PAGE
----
Distinguished signatories take on British political consensus

by William Yeatman on October 7, 2004

in Politics

In a letter to the Times of London dated September 22, former British Chancellor of the Exchequer Nigel Lawson (now Lord Lawson of Blaby) and other notables attacked the political consensus in the United Kingdom that action is needed now on global warming (see previous issue).


The letter said, Both the Prime Minister and the Leader of the Opposition made major speeches last week on climate change and the policies that are supposedly required to deal with it (reports, September 14 and 15).  It appears that, in this area, Tony Blair and Michael Howard are of one mind. They hold the same alarmist view of the world, and call for much the same radical and costly programme of action.

Both leaders assert that prospective climate change, arising from human activity, clearly poses a grave and imminent threat to the world.  Such statements give too much credence to some current sombre assessments and dark scenarios, and pay no heed to the great uncertainties, which still prevail in relation to the causes and consequences of climate change.  There are no solid grounds for assuming, as Messrs Blair and Howard do, that global warming demands immediate and far-reaching action.


The actions that they call for chiefly comprise a range of higher targeted subsidies, and of stricter controls and regulations, to limit CO2 emissions.  These measures would raise costs for enterprises and households, both directly as consumers and as taxpayers. They would make all of us significantly and increasingly worse off.  There are no worthwhile gains to set against these costs.  It is absurd to argue, as the Prime Minister did in his speech (and Howard took a similar line), that such policies can unleash a new and benign commercial force.  The new opportunities created for high-cost ventures come as the direct result of suppressing opportunities for their lower-cost rivals: this is already happening in power generation.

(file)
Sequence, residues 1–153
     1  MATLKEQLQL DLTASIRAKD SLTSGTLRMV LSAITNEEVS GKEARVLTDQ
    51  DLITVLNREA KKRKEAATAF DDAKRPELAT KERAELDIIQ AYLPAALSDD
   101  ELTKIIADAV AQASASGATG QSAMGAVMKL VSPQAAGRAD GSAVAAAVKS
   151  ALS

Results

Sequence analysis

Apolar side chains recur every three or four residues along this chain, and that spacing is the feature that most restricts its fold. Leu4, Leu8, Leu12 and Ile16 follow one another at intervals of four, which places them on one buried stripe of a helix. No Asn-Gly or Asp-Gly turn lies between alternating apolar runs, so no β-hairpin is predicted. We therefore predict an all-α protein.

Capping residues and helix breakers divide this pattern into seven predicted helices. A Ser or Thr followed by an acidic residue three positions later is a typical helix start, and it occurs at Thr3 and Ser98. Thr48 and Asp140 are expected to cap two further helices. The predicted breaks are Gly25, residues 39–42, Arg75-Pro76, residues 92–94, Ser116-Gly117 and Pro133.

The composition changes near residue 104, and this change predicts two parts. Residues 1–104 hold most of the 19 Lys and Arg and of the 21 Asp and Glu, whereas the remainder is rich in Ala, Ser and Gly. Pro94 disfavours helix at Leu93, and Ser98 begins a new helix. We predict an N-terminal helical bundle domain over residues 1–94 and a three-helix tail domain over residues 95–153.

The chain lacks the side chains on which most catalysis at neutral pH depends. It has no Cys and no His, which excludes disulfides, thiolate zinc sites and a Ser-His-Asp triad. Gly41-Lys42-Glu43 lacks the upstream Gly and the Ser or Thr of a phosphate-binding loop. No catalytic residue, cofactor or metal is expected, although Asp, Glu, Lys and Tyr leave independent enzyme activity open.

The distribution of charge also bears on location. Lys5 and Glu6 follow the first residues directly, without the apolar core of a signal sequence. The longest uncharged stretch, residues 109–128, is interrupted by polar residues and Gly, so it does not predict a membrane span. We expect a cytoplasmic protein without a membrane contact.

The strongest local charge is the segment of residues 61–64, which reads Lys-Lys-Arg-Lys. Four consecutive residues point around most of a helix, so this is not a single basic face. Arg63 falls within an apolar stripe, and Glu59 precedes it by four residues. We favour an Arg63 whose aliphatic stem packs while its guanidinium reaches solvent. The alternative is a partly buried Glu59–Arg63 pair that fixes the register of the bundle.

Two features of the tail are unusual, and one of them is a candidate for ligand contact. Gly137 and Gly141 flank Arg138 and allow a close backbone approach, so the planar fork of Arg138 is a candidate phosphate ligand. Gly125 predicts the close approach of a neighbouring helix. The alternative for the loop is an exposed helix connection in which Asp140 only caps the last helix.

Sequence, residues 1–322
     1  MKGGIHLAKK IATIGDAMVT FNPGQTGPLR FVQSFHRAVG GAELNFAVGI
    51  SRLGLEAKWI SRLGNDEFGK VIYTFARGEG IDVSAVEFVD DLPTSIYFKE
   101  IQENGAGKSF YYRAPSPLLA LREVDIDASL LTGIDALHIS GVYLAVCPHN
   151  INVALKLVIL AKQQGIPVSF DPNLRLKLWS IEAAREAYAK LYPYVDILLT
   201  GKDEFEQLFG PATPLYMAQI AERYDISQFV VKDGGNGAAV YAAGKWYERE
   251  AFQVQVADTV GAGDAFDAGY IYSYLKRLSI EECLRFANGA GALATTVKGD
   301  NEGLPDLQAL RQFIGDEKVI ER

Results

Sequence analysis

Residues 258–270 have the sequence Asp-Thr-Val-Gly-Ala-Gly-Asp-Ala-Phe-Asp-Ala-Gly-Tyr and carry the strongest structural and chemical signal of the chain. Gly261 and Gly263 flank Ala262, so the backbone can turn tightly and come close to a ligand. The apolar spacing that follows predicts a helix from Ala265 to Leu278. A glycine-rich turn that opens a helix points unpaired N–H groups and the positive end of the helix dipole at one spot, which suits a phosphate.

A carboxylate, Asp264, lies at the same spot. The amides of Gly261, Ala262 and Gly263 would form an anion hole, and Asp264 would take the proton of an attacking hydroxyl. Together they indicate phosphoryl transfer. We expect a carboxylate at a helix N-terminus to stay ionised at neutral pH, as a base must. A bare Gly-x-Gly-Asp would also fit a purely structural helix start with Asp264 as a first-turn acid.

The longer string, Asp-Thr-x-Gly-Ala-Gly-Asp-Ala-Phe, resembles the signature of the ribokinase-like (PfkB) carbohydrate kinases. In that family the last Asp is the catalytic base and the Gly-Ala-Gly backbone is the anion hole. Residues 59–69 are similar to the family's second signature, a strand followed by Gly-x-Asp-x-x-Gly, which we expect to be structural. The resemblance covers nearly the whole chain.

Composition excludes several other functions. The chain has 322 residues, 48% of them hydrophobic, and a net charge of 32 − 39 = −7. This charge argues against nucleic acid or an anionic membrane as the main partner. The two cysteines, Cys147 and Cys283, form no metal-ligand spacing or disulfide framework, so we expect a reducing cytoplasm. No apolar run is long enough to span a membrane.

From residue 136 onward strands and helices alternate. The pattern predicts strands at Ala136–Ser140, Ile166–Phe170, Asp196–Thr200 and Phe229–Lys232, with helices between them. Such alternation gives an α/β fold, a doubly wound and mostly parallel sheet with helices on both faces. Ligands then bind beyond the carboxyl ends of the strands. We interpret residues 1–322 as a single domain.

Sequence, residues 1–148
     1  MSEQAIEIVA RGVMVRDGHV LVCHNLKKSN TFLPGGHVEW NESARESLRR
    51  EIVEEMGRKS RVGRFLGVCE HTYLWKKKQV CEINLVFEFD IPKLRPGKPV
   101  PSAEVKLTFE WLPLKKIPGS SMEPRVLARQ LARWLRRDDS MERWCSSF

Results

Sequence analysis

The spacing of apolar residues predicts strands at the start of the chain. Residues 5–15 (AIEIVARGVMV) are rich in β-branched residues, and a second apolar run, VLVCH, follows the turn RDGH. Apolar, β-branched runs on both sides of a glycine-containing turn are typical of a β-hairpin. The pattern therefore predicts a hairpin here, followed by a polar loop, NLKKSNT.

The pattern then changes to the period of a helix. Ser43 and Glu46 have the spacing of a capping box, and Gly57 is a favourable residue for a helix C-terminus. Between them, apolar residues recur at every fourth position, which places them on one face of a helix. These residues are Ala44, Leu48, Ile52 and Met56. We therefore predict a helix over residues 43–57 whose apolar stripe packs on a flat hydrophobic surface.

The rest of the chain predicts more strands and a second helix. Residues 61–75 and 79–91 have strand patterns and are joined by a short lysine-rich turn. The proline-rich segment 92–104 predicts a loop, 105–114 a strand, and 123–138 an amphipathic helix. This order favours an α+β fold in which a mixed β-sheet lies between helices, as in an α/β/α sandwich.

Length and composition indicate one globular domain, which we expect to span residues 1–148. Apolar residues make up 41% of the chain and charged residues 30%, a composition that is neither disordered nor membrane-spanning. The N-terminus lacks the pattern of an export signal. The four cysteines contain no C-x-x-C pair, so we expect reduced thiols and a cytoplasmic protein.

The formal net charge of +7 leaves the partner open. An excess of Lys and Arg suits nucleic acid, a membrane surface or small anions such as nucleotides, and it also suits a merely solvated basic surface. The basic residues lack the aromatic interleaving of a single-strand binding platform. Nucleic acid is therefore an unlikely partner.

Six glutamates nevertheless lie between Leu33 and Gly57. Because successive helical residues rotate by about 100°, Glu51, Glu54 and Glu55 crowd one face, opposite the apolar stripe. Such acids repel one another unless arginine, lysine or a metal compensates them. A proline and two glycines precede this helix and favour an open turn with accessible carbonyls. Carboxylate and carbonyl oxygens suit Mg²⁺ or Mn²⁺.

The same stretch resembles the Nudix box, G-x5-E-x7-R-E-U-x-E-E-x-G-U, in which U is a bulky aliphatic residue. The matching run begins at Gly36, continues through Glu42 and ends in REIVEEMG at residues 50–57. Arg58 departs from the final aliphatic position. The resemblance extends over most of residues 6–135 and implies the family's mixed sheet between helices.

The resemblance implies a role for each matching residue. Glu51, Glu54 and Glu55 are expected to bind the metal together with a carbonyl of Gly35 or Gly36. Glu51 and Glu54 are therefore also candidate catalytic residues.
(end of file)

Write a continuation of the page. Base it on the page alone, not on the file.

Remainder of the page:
It is not only the Prime Minister and Mr. Howard who are advancing questionable economic arguments.  We consider that the treatment of economic issues by the Intergovernmental Panel on Climate Change is not up to the mark. It is time for finance and economics ministries everywhere, including HM Treasury, to wake up to this situation and take action.


The letter was also signed by Wilfred Beckerman (Emeritus Fellow, Balliol College, Oxford), Ian Byatt (Director-General of Water Services, 1989-2000), David Henderson (Visiting Professor, Westminster Business School), Julian Morris (Executive Director, International Policy Network), Alan Peacock (David Hume Institute, Edinburgh), and Professor Colin Robinson (Emeritus Professor of Economics, University of Surrey).

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